20 Aug 2014
81° Drizzle
Patch Instagram photo by cocktailsinthek

There's Still Time to Plant Your Summer Garden

Our Gwinnett gardening guru outlines the summer vegetables you can still plant, even in the heat of summer.

There's Still Time to Plant Your Summer Garden

As temperatures in the Atlanta area surpass record temperatures and fireworks pepper the sky, you are likely not thinking that it's an appropriate time of the year to dig in your garden. 

However, it’s absolutely not too late to plant your favorite summer veggies. Crops like tomatoes, okra and cucumbers love the summer heat, and your garden will produce well into the fall by putting in a first or second planting of your favorite summer crops.

Got any gardening tips? Tell us in the comments below.

In our neck of the woods, it wouldn't be unusual to have fresh tomatoes and peppers to whip up a garden salsa at Halloween (or even Thanksgiving).

To start, prepare space in your current garden by harvesting the last of the spring veggies and taking out any plants on their last legs.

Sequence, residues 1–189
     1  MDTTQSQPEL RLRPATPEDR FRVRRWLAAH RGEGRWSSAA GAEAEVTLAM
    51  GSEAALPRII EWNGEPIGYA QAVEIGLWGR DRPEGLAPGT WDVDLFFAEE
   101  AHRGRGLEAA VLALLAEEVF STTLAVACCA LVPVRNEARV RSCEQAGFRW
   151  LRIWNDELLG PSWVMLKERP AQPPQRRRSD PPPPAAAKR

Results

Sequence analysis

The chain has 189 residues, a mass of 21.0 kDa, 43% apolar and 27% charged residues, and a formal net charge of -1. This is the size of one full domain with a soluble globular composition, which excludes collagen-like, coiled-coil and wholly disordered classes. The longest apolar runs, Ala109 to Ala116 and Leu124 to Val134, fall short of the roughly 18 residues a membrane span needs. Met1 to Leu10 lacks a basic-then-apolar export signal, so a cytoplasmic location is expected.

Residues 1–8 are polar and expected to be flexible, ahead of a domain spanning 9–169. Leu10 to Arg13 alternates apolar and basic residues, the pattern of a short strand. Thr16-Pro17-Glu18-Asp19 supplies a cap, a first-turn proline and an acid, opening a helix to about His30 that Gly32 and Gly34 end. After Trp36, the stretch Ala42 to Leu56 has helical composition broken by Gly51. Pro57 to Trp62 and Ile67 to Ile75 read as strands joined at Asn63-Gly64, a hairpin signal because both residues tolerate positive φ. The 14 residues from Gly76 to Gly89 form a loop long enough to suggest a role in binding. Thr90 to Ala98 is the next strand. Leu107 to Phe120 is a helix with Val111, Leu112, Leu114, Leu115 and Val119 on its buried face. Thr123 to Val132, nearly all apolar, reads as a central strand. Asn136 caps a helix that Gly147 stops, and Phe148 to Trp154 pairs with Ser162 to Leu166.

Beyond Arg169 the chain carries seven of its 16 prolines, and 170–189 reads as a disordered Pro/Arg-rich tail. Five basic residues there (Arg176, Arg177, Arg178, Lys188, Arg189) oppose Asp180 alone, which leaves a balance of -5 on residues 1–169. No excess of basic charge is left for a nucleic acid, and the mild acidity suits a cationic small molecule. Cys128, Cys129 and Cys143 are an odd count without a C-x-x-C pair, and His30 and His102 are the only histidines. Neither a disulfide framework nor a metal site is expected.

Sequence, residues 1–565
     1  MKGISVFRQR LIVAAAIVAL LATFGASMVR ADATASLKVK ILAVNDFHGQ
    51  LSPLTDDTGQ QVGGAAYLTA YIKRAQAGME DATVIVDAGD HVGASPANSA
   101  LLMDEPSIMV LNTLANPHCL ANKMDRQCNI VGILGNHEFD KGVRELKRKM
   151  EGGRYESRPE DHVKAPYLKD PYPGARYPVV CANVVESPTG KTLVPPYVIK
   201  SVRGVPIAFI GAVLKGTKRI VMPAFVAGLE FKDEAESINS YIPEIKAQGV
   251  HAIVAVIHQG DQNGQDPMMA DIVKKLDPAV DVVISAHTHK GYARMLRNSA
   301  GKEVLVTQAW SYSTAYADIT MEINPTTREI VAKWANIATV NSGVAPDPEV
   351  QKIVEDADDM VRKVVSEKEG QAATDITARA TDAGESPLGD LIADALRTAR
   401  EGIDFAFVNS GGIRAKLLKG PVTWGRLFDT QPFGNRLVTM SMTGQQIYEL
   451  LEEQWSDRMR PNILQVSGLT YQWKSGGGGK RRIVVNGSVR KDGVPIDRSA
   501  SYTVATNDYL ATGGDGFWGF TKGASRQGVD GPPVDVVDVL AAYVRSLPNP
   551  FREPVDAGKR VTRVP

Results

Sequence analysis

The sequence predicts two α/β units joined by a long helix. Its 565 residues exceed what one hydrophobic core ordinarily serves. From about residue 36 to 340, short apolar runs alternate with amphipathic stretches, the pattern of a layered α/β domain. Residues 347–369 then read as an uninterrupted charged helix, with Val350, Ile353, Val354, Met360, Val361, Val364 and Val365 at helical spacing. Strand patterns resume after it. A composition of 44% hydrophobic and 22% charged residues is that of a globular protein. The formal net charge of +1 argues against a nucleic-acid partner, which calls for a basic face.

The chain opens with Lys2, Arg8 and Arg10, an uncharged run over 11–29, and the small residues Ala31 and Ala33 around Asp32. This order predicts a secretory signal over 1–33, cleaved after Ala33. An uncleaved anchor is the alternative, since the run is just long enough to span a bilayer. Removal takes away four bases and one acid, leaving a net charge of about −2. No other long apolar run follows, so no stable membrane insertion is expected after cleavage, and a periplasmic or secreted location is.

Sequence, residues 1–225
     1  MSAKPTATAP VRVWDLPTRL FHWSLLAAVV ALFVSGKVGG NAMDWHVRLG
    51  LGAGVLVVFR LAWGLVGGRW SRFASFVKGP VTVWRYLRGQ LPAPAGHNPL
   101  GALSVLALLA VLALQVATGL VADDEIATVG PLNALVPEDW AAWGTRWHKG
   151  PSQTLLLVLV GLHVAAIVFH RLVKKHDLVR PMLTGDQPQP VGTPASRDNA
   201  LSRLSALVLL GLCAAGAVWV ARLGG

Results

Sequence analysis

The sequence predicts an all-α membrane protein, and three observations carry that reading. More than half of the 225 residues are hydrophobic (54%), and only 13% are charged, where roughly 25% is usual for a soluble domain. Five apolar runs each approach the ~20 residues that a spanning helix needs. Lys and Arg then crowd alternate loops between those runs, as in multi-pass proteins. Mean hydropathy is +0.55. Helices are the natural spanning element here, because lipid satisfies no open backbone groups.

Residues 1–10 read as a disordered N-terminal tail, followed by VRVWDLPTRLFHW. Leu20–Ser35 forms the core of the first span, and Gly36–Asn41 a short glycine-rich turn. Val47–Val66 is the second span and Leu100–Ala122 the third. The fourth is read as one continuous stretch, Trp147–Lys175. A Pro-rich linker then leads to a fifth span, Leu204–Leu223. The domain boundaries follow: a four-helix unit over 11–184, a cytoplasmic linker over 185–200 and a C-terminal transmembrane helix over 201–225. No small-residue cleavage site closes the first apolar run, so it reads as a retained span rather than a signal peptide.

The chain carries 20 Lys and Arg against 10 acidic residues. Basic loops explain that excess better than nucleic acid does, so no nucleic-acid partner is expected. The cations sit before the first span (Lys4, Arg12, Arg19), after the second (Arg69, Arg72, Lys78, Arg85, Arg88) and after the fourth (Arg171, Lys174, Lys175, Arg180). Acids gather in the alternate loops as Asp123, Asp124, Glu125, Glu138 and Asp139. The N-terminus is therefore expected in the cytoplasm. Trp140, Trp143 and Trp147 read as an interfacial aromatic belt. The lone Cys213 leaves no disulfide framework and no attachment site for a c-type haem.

Or, if you don't have a garden, you can easily grow vegetables in containers on the deck or patio.  Others have created raised beds around mailboxes or in current flower beds.

Next, amend the soil by mixing in some compost and organic fertilizer in the areas where you are planting. 

Produce and herbs you can plant now (note- this is not a comprehensive list, but a sampling of the most popular varieties):

  • Tomatoes (transplant)
  • Beans (seed)
  • Cucumbers (transplant)
  • Eggplant (transplant
  • Okra (seed or transplant)
  • Peppers (transplant)
  • Melons (seed or transplant)
  • Squash (summer squashes like yellow zephyr and zucchini can still be planted by seed or transplant; all winter squashes, including pumpkin, should be planted).

My recommendations of local establishments to purchase seeds or transplants include the and .

Don't forget to water liberally when you first plant, and again each day for at least a week so seeds can germinate and transplants can acclimate to their new homes in your soil.  After established, continue to water deeply, about an inch a week after that.

Happy planting!

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